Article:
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Nortel dials up brand campaign

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Facing financial and brand challenges, Nortel Networks last month launched a global ad campaign designed to reposition the company as a leader in telecommunications.

The year has been fraught with difficulties for Nortel. In April, the company's board of directors fired CEO Frank Dunn, CFO Douglas Beatty and controller Michael Gollogly amid of questions concerning the company's financial reporting practices. Under review by an independent audit committee, the company has been forced to restate its financial statements going back to 2000.

Nortel's board replaced Dunn with William Owens, a Nortel director and former chairman-CEO of satellite communications company Teledesic.

One of Owens' primary goals is to transform Nortel into a more marketing-focused company. In an effort to do that, Owens in April hired Clent Richardson as chief marketing officer. Prior to Richardson's hiring, Nortel's marketing communications had been decentralized.

"As a company, we have been through an awful lot," said Wes Durow, director of global marketing communications at Nortel, which is based in Toronto and has U.S. headquarters in North Carolina's Research Triangle Park. "Our business is in a place where we need to move forward and tell our story."

First TV advertising since 2001

The ad campaign, which has the tagline, "This is the way. This is Nortel," was developed by the Richards Group, Dallas. It is Nortel's first advertising since Richardson came on board and its first TV advertising since 2001.

Zeus Kerravala, VP-enterprise infrastructure at research company Yankee Group, said Nortel's biggest challenge is that for years the company did not promote the Nortel brand. "They promoted their subbrands, not the corporate brand," he said, pointing to Nortel brands such as Meridian PBX services and Alteon switches.

"If you look at their biggest rival, Cisco, they made themselves synonymous with the Internet," Kerravala said. "When buyers would think of Internet-related products, they would think of Cisco first."

"With this [rebranding], Nortel wants to become synonymous with communications. Right now it's not," Kerravala said.

He said Nortel's financial difficulties will not have a great impact on buyers, primarily because purchasers are more familiar with Nortel's subbrands than with the Nortel corporate brand.

"Ironically, if their corporate brand were a little more well-known instead of the sub-brands, the financial difficulties might be a bigger problem," he said.

Kerravala said it is too soon to say whether the new campaign will succeed in raising awareness of Nortel as a leader in telecommunications. "It is the consistency of the message over a long period of time that will do that," he said. "What they do today they have to do next week, next month, next year-and stick with it. That is how you change the corporate image."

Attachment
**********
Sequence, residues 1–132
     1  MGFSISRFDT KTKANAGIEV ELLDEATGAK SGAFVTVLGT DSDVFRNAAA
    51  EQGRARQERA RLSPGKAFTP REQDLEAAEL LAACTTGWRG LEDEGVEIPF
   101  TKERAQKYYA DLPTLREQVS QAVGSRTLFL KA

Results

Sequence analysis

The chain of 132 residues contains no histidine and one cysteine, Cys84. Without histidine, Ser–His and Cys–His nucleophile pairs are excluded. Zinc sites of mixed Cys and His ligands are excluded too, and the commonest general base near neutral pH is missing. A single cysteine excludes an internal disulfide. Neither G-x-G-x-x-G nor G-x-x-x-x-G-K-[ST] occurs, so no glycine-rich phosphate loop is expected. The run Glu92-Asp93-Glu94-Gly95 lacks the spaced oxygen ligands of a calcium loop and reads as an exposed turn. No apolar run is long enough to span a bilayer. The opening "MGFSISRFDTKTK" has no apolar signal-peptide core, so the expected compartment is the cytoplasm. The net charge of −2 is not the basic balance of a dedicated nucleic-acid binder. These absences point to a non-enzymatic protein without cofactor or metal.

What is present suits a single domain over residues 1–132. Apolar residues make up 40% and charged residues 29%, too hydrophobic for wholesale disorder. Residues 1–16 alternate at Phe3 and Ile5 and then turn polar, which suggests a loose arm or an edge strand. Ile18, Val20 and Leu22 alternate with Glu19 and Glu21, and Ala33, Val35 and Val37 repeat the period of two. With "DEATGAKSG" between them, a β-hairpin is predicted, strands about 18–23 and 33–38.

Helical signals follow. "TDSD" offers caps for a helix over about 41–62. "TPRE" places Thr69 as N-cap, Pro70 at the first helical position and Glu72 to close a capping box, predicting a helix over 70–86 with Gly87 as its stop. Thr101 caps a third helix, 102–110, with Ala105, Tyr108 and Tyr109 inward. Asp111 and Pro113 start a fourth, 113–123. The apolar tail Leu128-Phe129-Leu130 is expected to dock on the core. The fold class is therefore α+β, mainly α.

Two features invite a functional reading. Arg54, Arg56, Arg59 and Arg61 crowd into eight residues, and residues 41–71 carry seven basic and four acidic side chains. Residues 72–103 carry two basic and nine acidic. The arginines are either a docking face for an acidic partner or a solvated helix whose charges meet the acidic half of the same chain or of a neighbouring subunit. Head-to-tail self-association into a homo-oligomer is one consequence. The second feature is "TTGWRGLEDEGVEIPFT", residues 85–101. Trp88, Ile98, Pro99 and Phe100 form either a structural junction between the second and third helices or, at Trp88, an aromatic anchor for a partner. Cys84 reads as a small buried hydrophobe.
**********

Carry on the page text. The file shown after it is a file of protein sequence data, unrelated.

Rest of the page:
Aimed at C-level executives

The campaign, which includes television and print, is aimed at CEOs, CIOs and CFOs, and shows how people use networks powered by Nortel to improve their lives.

The first TV spot features children's voices singing the nursery rhyme "This is the Way (We Sweep the Floor)," with images of people using Nortel networks for applications from powering global stock exchanges to transmitting medical data.

At the end of the rhyme, the voice-over says, "This is the way hundreds of millions of people, Fortune 500 companies and government institutions around the world trust their networks to be reliable and secure."

Print ads also show how people use networks powered by Nortel. The company is not currently placing ads in vertical trades, although it may move into verticals next year, Durow said. "Once we have a consistent presence in the baseline business press, we will move into verticals," he said.

The campaign does not yet include online, although online is being planned for next year.

The campaign budget was not disclosed.

David Hall, principal at the Richards Group, which was named Nortel's agency of record this fall, said the creative strategy grew out of the need to simply tell the Nortel story.

"Nortel wasn't getting credit for all the great things they do," Hall said.

He said the idea of using the children's rhyme juxtaposed with serious images of how people use the Nortel network was designed to boil the Nortel story down to a simple message.

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